'Legitimate rape' candidate loses

KEVIN MURPHY
Last updated 17:51 07/11/2012
Todd Akin
SARAH CONARD/ Reuters
FUROR: Republican Senate candidate Todd Akin angered people when he said women had natural defences to "legitimate rape".

Relevant offers

Americas

US Presidential race: Some hard questions now that Donald Trump is Republican nominee San Andreas fault 'locked, loaded and ready to roll' with big earthquake, expert says Trump's open path to nomination causes agony in GOP What is the running man dance challenge and how do you take part? Is Kasich's fall the end of the Republican establishment? Brazil plans an adults-only theme park called ErotikaLand Obama drinks filtered city water in Flint to show it's safe NZ family in limbo after fleeing massive wildfires in Canada The stranger who led young Navajo girl to her death Rolling Stones ask Donald Trump to stop playing their songs

Missouri Republican US Senate candidate Todd Akin, who sparked a furor in August with comments about ‘‘legitimate rape,’’ was defeated by Democratic incumbent Claire McCaskill on Tuesday.

Until the rape comment, Akin was considered the favorite to beat McCaskill in a state that has trended Republican and voted for Republican presidential candidate Mitt Romney on Tuesday.

But the race reversed course after Akin’s comment to a television station that women have natural defences against pregnancy from ‘‘legitimate rape’’.

The comment drew scorn from state and national Republican leaders who called on him to drop out of the race.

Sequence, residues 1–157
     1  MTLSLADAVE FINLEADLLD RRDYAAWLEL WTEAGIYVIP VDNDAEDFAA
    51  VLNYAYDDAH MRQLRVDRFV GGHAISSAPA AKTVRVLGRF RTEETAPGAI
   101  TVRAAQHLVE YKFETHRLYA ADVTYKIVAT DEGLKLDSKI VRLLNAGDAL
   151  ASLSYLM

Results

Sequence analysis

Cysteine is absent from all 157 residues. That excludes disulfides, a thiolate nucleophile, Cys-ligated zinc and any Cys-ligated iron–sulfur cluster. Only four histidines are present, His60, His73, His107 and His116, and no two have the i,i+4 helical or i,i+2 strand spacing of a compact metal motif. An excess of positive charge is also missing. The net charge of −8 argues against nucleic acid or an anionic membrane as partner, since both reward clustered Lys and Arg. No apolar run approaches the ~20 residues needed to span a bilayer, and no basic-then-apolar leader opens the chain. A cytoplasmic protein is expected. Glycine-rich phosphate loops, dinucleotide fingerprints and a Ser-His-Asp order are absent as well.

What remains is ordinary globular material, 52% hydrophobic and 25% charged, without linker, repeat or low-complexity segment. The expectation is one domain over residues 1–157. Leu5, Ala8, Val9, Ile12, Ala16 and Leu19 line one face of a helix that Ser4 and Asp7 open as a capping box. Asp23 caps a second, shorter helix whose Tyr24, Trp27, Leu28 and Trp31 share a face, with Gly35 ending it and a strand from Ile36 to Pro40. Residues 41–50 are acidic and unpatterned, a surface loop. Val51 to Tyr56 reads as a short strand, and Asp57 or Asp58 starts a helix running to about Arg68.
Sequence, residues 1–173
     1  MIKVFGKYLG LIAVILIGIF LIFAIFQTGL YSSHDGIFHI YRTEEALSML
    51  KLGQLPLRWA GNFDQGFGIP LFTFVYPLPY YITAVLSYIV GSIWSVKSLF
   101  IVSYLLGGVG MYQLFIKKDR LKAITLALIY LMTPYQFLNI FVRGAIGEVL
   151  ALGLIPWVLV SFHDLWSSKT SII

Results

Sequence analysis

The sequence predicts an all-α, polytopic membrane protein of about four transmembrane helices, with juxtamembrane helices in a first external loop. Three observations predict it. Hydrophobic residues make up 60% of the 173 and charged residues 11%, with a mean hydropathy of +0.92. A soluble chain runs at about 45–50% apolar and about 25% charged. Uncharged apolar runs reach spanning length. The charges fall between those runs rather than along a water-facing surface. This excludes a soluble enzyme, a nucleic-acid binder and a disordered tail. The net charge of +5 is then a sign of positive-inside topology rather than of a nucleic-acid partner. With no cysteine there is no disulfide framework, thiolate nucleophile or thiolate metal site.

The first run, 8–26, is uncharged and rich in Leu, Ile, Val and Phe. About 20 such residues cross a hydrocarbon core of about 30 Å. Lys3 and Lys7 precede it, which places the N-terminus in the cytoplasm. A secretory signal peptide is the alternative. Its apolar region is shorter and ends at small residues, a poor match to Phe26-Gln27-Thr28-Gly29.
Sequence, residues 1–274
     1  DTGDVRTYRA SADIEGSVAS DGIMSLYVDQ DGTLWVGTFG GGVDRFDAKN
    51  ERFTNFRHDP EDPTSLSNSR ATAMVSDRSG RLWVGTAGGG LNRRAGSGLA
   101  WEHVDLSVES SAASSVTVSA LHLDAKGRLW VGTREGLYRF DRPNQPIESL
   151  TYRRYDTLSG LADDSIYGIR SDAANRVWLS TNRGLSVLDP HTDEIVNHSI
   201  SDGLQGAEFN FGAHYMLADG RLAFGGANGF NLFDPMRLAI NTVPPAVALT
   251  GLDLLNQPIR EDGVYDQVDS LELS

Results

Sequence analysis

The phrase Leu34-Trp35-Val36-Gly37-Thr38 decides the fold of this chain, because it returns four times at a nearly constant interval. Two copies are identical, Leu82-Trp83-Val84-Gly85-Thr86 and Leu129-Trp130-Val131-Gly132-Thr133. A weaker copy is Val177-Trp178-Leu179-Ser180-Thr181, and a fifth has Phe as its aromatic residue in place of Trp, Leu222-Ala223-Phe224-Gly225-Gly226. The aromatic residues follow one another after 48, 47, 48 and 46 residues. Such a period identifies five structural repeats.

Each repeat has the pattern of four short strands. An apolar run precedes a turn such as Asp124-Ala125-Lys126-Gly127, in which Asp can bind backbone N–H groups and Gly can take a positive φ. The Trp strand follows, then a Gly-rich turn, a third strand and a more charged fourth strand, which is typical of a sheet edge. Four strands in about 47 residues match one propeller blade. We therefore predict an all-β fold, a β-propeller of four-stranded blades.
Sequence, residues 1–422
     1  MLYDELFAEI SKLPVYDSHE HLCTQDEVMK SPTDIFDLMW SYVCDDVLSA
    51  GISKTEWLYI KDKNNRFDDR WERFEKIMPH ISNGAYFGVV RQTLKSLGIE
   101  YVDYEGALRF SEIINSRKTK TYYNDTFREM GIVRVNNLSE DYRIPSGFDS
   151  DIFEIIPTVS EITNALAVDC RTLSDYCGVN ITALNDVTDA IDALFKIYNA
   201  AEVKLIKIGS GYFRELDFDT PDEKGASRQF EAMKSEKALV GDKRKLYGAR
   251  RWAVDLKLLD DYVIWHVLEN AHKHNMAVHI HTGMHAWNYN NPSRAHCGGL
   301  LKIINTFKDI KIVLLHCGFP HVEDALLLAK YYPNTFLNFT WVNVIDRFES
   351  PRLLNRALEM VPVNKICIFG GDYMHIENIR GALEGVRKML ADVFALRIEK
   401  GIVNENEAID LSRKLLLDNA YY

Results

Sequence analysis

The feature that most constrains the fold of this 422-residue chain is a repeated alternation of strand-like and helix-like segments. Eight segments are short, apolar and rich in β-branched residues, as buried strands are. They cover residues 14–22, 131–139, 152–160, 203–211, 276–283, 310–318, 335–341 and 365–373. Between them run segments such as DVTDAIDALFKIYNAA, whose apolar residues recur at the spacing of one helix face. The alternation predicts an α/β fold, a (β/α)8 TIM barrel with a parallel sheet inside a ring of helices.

Akin apologised for his remarks, but refused to withdraw.

He regained support of some top Republicans, but lost significant financial backing.

‘‘There is something close to a consensus that he did himself in,’’ said John Petrocik, a political science professor at the University of Missouri.

‘‘She was one of the most vulnerable Democrats.’’

McCaskill had drawn heat for failing to pay taxes on a private family plane, which did not sit well with state residents, Petrocik said.

People interviewed at St. Louis-area polling stations on Tuesday said Akin’s rape comments were important to their vote.

‘‘Seeing Akin’s attitude toward woman in general, voting for him would be impossible,’’ said Mary Mitchell Bartley, a St. Louis historic neighborhood preservationist who had backed previous Republican candidates.

Akin’s loss was another blow to Republicans, who had hoped to make a net gain of four US Senate seats to take the majority in the upper chamber.

Ad Feedback

- Reuters

Special offers

Featured Promotions

Sponsored Content